“The Virtues of a Catholic Intellectual”, Chp. 2 of Sertillanges’ The Intellectual Life
As I listened to chapter 2 of Sertillanges’ The Intellectual Life, I experienced a mixture of reactions. At times he roused, at times, my conscience smarted under his well aimed exhortations; at times he seemed quaint or naïve, and, when I perceived the overall unity and integrity of his vision that emerged in the chapter as a whole, I was at times moved to pause in admiration. His understanding of the interconnectedness of things impresses me as an exalted and deep grasp or reality and essential to his ability to rouse and challenge. The central and unifying vision to this chapter and to the book as a whole is the contextualization of “the intellectual life” within a whole life devoted to God. Tolstoy once wrote to the effect: “Before I am a writer, I am a man”. There must be this sense of the whole, this attentiveness to each aspect of our lives in their interconnected-ness, so that the parts can be mutually fortifying, rather than devalued and detracted from by disorder in any area. “Life is a unity”, Sertillanges insists. He discusses the connection of the virtues to the intellect, but he also discusses its connection of the body (and the body of course is connected to the virtues as well). He also counsels the Golden Mean: the right behavior and soundest course is often between two extremes. And he urges, in harmony with Scripture, that we test ourselves in order to work from a sound estimation of our capacities, neither too great, nor too low. As the Apostle Paul writes:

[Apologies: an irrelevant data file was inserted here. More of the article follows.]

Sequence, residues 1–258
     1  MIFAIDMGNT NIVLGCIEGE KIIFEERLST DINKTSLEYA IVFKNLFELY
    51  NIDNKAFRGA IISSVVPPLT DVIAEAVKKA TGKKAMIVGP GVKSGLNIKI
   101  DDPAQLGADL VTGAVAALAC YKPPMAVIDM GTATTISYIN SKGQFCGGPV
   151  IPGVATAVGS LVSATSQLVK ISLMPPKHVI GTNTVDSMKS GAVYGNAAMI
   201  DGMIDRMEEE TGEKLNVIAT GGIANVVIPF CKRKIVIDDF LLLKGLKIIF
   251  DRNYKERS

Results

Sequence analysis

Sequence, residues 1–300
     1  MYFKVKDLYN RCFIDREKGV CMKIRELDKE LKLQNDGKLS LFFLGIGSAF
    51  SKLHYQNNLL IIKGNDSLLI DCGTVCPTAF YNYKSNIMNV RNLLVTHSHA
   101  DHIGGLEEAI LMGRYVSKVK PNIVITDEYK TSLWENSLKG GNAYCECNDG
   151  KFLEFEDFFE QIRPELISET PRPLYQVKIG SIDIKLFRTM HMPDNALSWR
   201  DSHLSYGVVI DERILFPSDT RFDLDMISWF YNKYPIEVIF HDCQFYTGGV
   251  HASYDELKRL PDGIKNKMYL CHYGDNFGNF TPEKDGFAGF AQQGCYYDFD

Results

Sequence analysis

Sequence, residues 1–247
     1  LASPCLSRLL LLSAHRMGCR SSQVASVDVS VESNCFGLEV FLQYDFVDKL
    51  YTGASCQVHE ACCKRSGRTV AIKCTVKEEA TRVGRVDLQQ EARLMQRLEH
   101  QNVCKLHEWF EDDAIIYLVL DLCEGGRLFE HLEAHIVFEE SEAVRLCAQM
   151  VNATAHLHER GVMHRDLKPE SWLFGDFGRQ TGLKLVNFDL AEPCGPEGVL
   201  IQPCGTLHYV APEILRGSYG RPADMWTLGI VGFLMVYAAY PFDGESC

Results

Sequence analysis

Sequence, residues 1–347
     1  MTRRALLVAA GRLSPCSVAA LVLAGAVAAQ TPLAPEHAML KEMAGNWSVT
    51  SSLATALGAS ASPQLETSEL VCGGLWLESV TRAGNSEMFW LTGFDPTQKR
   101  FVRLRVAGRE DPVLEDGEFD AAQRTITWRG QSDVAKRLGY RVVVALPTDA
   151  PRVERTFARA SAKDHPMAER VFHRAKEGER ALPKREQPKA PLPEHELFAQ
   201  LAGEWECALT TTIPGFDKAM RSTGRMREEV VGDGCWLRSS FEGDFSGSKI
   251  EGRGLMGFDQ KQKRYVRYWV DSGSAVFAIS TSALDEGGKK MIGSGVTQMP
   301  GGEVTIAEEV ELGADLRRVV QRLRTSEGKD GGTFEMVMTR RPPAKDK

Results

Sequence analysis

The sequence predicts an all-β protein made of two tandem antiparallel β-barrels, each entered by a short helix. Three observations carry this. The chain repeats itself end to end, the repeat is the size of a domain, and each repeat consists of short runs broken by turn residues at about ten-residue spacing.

“If anyone thinks he is something when he is nothing, he deceives himself. Each one should test his own actions. Then he can take pride in himself, without comparing himself to somebody else, for each one should carry his own load” (Galatians 6:3-5).
Many times my response to these exhortations by Sertillanges is perhaps an especially American response: “How?”- also characteristically accompanied by an impatience to “get ‘er done.” But the answer called for is a response that includes infinite dimensions. It is a call to eternal worship.
“The true springs up in the same soil as the good: their roots communicate” (p. 19). Sertillanges’ sense of the unity of truth, goodness and beauty has him captive, but he seems to overstate his argument on page 18 to the point of seeming quaint and naïve:
“Would there not be something repellent in seeing a great discovery being made by an unprincipled rascal? The unspoiled instinct of a simple man would be grievously hurt by it.”
Haven’t many great discoveries and many great works been made by singularly unprincipled rascals? In a book disturbing for its project as well as its content, the historian Paul Johnson enumerates very unprincipled sins of many leading intellectuals in the Western tradition, providing a few examples from world history of memorable intellects possessed by very badly behave men and women. But Sertillanges mitigates his statement, though not entirely, it seems, on page 19, by remarking that truth visits those who love her, and that the man of genius at work is already virtuous but that it would “suffice for his holiness if he were more completely his true self.” There remains something noble, something lovely to be reflected on in the work of a genius, even if much of their life is sinful. I can agree with Sertillanges on this and also agree with him in believing that wholeness and abundant life is not in an opposition of the intellect’s life, however, brilliant, to the virtues and the care of the body, or a negation of these, but that there is an essential unity God designed us for and God is redeeming us to, and that we should rise to with all our might, knowing Christ.